A new Gift Planning Designation for Advisors? Why this IS a big deal.

Most charities, especially large ones, do a credible job of promoting planned giving. In large part because of CAGP’s wide array of outstanding training programs, we have a large cadre of sophisticated fundraising professionals, equipped to talk to donors about legacy giving.  Is there room for improvement?  Sure.  But for the most part, things are pretty solid.  

The vast majority of our CAGP members work in the charitable sector, with only a small number of advisors actively involved in CAGP. These advisor members are profoundly committed to advancing gift planning in Canada but the actual number is still quite small.   Too small. Fewer than 10% of CAGP’s approximately 1300 members are advisors. (I’m defining advisors as lawyers, accountants, insurance professionals, estate planners and financial advisors working outside the charitable sectors). We need to build that number.

For philanthropy to grow meaningfully in Canada, we need to truly engage advisors, and we need to engage them on their terms, not ours. We need to play on their playing field. We need to deliver education and training in ways that they are accustomed to receiving it. We know there is tremendous room for growth. We know from our own research that most advisors are approaching philanthropy in a haphazard and reactive manner. We know that they want to learn more. They want to engage their clients. They just don’t know how.

Most advisors simply haven’t heard of CAGP. They don’t know of us or the amazing programs that we offer. The network of advisors across Canada is large, diverse and complex. CAGP simply doesn’t have the resources to market to this audience in a meaningful way.

The Knowledge Bureau is a highly respected organization whose core mandate is advisor training. Led by Evelyn Jacks, KB develops and delivers training programs across Canada.  It is an organization known to the Canadian advisory community. Powered by CAGP’s incomparable content, the Knowledge Bureau can provide access to an audience that has, until now, been out of reach.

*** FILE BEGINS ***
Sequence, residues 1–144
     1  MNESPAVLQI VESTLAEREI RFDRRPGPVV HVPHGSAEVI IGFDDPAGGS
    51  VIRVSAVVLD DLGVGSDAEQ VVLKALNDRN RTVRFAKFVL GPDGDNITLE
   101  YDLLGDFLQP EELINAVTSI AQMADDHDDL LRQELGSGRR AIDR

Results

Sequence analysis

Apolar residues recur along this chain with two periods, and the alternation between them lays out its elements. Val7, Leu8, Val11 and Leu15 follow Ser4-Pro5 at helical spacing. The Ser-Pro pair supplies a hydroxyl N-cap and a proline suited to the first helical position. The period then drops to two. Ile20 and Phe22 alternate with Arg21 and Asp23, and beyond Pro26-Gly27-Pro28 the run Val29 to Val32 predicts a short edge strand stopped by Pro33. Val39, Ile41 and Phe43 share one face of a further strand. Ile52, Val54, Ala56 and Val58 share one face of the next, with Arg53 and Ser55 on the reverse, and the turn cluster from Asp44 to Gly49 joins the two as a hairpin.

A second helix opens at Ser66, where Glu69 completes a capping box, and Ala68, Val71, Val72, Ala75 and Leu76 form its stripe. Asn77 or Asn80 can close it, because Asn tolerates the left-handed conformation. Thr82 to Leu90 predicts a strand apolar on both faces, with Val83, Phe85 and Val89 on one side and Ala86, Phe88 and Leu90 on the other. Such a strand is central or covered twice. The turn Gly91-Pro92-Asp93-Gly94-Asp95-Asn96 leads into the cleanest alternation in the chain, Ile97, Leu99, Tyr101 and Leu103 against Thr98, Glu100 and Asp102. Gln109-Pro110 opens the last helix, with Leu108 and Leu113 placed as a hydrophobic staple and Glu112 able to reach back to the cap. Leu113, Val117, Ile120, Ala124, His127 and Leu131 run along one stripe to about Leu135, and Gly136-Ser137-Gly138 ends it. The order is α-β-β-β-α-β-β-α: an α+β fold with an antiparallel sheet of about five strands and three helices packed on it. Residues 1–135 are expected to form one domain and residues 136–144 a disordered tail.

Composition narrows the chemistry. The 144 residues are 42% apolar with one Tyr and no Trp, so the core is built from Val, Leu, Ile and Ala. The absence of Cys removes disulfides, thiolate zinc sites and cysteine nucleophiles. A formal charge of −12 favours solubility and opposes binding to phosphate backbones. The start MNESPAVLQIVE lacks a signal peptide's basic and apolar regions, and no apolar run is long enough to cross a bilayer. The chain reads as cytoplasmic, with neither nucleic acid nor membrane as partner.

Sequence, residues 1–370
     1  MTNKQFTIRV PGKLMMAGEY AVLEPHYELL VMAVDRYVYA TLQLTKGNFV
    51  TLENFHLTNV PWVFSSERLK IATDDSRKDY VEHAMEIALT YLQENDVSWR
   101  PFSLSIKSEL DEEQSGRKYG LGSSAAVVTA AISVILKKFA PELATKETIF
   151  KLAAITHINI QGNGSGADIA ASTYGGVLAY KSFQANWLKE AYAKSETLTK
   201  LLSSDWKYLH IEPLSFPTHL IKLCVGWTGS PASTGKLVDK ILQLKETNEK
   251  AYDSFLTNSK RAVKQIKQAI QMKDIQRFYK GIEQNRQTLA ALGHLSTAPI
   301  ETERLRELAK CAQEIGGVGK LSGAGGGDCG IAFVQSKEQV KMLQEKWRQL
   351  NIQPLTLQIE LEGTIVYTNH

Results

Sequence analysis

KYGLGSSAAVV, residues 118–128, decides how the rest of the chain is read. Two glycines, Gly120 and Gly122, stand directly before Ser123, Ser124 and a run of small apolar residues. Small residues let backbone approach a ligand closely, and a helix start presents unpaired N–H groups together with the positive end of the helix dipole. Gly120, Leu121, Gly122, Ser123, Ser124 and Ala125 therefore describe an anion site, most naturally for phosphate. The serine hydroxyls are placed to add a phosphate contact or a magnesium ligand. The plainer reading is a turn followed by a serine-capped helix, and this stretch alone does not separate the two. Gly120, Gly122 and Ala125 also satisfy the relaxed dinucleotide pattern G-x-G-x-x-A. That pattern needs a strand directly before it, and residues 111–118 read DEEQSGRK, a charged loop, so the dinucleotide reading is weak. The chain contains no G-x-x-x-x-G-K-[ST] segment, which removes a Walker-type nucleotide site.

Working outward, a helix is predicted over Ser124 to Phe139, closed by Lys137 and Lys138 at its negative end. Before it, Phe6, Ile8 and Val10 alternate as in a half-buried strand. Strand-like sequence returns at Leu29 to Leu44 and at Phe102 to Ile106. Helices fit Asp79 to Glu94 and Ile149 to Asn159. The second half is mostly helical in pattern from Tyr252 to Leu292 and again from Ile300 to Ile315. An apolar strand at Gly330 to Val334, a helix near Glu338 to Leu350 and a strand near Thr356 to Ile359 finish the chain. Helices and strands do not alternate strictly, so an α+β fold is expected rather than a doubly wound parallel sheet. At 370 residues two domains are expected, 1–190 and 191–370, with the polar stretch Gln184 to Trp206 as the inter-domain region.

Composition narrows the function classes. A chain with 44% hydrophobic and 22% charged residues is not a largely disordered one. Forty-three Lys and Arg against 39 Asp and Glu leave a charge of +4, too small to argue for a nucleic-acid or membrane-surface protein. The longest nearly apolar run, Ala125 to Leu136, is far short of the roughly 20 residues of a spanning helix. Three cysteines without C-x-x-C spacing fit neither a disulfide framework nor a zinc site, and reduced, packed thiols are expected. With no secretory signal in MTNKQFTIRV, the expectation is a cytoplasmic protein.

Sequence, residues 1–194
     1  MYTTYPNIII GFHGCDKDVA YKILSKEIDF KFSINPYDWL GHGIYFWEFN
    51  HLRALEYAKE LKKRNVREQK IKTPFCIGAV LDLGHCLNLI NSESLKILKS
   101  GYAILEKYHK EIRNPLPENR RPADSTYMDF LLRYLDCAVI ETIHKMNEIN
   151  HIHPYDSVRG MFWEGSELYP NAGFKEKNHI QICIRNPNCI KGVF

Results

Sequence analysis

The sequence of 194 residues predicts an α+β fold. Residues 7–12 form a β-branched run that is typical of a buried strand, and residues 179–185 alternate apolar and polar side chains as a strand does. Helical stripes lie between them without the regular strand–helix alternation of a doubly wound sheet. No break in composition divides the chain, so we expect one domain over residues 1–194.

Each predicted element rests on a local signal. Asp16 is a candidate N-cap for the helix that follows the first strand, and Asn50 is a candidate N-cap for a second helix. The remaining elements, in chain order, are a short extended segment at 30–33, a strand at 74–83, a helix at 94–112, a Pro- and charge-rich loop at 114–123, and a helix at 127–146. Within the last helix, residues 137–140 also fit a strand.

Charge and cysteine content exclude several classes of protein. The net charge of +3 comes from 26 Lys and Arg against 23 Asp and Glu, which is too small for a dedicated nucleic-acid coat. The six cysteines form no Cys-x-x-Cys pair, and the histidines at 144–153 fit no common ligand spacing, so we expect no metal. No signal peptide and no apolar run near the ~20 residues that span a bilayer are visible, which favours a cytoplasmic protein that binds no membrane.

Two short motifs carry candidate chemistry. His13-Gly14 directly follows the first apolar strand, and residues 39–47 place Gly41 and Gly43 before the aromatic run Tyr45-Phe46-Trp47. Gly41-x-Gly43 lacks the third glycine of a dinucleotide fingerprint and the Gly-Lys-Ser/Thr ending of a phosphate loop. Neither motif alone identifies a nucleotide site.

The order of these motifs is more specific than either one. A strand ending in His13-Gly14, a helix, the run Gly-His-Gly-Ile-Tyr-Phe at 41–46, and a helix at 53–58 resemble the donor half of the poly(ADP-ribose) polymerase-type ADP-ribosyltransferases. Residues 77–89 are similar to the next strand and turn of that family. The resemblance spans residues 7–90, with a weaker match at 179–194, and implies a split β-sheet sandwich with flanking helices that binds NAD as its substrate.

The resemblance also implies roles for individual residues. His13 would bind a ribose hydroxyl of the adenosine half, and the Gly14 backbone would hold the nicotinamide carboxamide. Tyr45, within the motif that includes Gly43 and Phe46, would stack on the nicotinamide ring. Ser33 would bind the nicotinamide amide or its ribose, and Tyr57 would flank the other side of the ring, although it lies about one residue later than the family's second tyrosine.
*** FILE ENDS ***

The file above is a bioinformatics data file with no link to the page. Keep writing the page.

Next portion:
What does this mean? Well, change won’t come overnight. But in time, dozens, then hundreds of advisors – new advisors – will engage in charitable gift planning as a result of this partnership. It means that thousands of new conversations about philanthropy will take place. It will invariably mean new membership for CAGP and the continued growth of the organizations and its programs. These advisors will embrace the new professional accreditation that is offered to them as a means of demonstrating their commitment to charitable gift planning so they can deliver better service to their clients.  

As charities, our channels (i.e. our donor base) only allow us to talk to so many individuals. But by harnessing the conversational power of tens of thousands of advisors in Canada, we can (and will) truly change the world.

CAGP’s mission is, among other things, to champion the growth and development of strategic charitable gift planning in Canada by:

  • Developing knowledge and providing education
  • Building awareness and promoting philanthropy
  • Creating connections and facilitating partnerships

I cannot think of an initiative that better reflects CAGP’s mission.  

This new partnership, perhaps more than any other in recent memory, will serve to drive CAGP into the next decade and beyond.



Well done Brad, for taking the initiative in developing this strategy. We have long wondered how to engage advisors. This may well be the way to welcome them under our tent.
Thanks Brad; Is there any thought on a challenge exam for those who already possess this knowledge with long standing CAGP ties? I am thinking of something similar to the arrangement for CPAs who can challenge the CFP exam.
Yes, I've thought about this for those with longstanding ties to CAGP and/or advanced gift planning knowledge. This is on our radar screen.


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